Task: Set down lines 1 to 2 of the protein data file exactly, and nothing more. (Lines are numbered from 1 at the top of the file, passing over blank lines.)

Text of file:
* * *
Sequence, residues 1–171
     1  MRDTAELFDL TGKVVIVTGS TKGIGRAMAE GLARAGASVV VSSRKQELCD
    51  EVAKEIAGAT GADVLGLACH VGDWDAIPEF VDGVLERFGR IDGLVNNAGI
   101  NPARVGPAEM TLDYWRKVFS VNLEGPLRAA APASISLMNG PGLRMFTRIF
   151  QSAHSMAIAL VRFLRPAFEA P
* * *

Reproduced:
Sequence, residues 1–171
     1  MRDTAELFDL TGKVVIVTGS TKGIGRAMAE GLARAGASVV VSSRKQELCD